Christ would have thus led him into temptation by
putting him in the way and giving him the oppor-
tunity to commit a crime of which otherwise he
would never have been guilty. On such a supposition
Jesus himself would have become accessory to the
sin of Judas.
We believe that when he was called to the apostle-
ship he was a good man at least in the sense in which
the others were good men. As in them so in him
there was a commixture of good and evil tenden-
cies, the good at the time predominating and giving
promise of complete victory over the evil. On him-
self under the influence of Jesus depended the vic-
tory. An evil force lurks in every unsanctified soul.
It is for the human will to resist and subdue this force,
or to turn it loose. Eleven of the disciples resisted
it and were safe; one yielded to it and fell. He did
not yield because it had been decreed that he should
do so; if so, then he would have been guiltless and
the responsibility for his act would have been trans-
ferred to God. Certain prophecies were fulfilled or
illustrated by his treachery, but they did not, could
358 True Heroism and Other Sermons.
not cause it. Of his own free will he betrayed his
Master. It is true Satan entered into him and
quickened and intensified the forces of evil within
him. But he was free, and might have resisted suc-
cessfully all the power of the prince of darkness, and
might have been as steadfast and as true to his Lord
as John or James.
In his intercessory prayer, Jesus said, " Those that
thou gavest me I have kept, and none of them is lost,
but the son of perdition." The Father gave Judas
to the Son just as he gave him Peter, James, and
John. But he was lost, Why? St. Augustine, quoted
by Clarke, answers : " Because he would not be
saved; " and he further adds, " After the commission
of his crime he might have returned to God and have
found mercy." Calmet, quoted by the same author,
says, " Judas only became the son of perdition be-
cause of his wilful malice, his abuse of the grace and
instructions of Christ, and was condemned through
his own avarice, perfidy, insensibility, and despair."
These illustrious men, staunch advocates, the former
especially so, of the doctrine of divine foreordination,
thus strenuously assert the moral freedom of Judas
in betraying his Master. His was the crime, his the
guilt and punishment.
It is useless for us to attempt to reconcile the free
agency of Judas and Christ's foreknowledge of his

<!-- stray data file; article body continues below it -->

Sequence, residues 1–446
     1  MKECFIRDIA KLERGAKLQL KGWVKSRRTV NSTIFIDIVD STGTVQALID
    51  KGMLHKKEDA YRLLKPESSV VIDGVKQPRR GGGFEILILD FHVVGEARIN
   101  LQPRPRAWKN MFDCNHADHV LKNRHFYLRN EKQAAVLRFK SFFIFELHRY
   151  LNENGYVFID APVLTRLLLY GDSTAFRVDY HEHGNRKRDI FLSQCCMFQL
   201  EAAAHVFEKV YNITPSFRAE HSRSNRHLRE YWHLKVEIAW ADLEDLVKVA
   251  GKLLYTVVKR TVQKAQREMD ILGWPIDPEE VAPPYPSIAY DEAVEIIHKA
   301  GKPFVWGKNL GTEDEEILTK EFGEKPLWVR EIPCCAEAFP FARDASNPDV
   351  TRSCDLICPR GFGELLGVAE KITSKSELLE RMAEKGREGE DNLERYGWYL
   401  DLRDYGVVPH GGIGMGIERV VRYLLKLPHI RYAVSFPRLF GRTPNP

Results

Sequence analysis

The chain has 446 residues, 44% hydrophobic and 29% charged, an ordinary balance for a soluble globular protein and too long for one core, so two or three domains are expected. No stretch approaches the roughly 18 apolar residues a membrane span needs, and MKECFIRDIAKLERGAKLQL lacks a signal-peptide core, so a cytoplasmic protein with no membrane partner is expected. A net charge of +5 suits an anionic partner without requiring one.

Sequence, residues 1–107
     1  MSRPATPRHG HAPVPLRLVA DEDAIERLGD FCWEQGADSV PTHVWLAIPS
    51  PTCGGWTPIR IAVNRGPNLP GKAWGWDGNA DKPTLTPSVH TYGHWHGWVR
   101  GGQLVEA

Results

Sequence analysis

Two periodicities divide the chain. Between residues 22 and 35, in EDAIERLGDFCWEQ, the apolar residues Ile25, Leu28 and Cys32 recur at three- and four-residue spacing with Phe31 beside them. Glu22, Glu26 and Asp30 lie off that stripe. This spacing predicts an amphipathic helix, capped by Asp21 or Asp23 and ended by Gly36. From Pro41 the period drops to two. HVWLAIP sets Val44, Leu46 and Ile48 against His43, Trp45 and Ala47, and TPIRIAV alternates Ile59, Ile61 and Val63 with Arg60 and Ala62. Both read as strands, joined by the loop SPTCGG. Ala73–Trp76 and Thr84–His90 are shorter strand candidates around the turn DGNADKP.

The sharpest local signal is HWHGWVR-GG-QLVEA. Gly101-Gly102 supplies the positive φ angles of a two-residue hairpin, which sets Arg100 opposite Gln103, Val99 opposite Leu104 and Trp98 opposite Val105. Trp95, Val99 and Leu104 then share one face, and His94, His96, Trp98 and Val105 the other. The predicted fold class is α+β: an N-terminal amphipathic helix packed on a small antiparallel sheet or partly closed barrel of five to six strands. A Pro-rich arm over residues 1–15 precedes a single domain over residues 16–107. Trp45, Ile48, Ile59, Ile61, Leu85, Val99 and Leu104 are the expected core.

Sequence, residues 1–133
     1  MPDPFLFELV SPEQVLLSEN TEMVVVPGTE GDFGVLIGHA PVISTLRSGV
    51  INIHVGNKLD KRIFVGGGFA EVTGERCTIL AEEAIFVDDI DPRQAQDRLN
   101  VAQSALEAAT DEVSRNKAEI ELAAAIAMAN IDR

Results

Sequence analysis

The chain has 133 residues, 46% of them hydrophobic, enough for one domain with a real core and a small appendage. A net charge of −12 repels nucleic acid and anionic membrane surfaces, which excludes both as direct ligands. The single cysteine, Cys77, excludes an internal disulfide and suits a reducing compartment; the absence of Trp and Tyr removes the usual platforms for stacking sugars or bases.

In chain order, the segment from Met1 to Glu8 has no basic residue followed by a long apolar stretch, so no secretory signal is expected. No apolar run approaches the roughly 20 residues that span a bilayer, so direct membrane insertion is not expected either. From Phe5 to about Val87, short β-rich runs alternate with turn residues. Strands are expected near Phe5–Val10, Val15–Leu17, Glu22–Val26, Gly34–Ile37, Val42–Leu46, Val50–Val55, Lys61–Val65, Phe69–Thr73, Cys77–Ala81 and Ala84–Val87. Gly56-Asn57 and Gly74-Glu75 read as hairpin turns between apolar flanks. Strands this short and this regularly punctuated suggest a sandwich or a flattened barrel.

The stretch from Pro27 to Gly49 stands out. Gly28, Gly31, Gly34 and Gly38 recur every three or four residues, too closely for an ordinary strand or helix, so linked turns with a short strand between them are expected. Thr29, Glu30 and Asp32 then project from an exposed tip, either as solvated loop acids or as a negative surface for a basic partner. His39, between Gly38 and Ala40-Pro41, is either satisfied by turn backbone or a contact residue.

treachery. It is one of the mysteries of God's moral
government involving the whole problem of his re-
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lation to the origin of sin and of his foreknowledge
to human freedom. o system of philosophy can
solve it. Revelation does not solve it. Possibly in
the clearer light and with the higher expansion of
our powers in the world to come we may gain some
insight into the mystery. That man is a moral agent,
reason, consciousness, revelation, all attest. And this
is the truth of supremest concern to us. Christ, as
divine, knew that Judas would betray him. But
Judas did not betray him because of his foreknowledge
but of his own deliberate choice. He was drawn
away of his own lust, and enticed; cherishing instead
of resisting the enticement, his lust conceived and
brought forth sin, and sin, when it was finished,
brought forth death.
When therefore, we speak of the fall of Judas, we
mean more than his fall from his high office as an
apostle. He fell from his place as one given to Christ
by the Father — from his place as one dearer to Christ
than his mother or brethren — from his love of Christ
and his brother disciples — from all of the goodness
and grace that he had acquired during the years of
his association with Christ.
There were two causes contributing to his down-
I. The disappointment of his worldly expectations.
In common with the rest he thought the kingdom of
Messiah would be secular. This was the prevailing
idea of the best men of Judaism. It was the idea of
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all the apostles until after the resurrection. They
discussed the matter among themselves, and even
John, the most spiritual man among them, had an
unseemly discussion with James as to which should
have the highest office in the coming kingdom.
With a sincere attachment to the person of his
Master, Judas united a worldly ambition. But as
time passed on, he saw.no signs of the realization of
his hopes. On the contrary he saw his Master reso-
lutely setting his face against worldly preferment.
He took no advantage of the currents of popular
favor; he never used his extraordinary powers to
advance his kingly claims; but more and more plainly
declared the pure spirituality of his kingdom, and
the certainty and necessity of his death in order to
its establishment. Holding his views of Messiah and
his kingdom honestly and religiously, it is not diffi-
cult to see that doctrines so completely at variance
with them would weaken his faith in Jesus. Indeed
the faith of all of them seemed to suffer a sad eclipse
when Jesus died. And cherishing as he believed,
well-grounded hopes of advancement in the kingdom
of Messiah, when he saw that these hopes were
doomed to complete disappointment, he was gradu-
ally weaned and alienated from Christ as from one
who had failed to meet his expectations; and under
the influence of bitter disappointment, and in the
spirit of resentment he delivered him to his enemies.
Some expositors hold that he was- actuated by
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impatience rather than resentment. He was anxious
that Christ should at once take to himself his great
power and reign. His aim was to hasten the issue,
believing that Christ by his power would deliver
himself and demonstrate to the Sanhedrim and to the
civil powers the truth of his royal claims. Thus his
worldly ambitions would be the more quickly real-
2. Another motive strangely emphasized by some
was his love of money. He was the treasurer of the
disciples. Handling the money woke up the dormant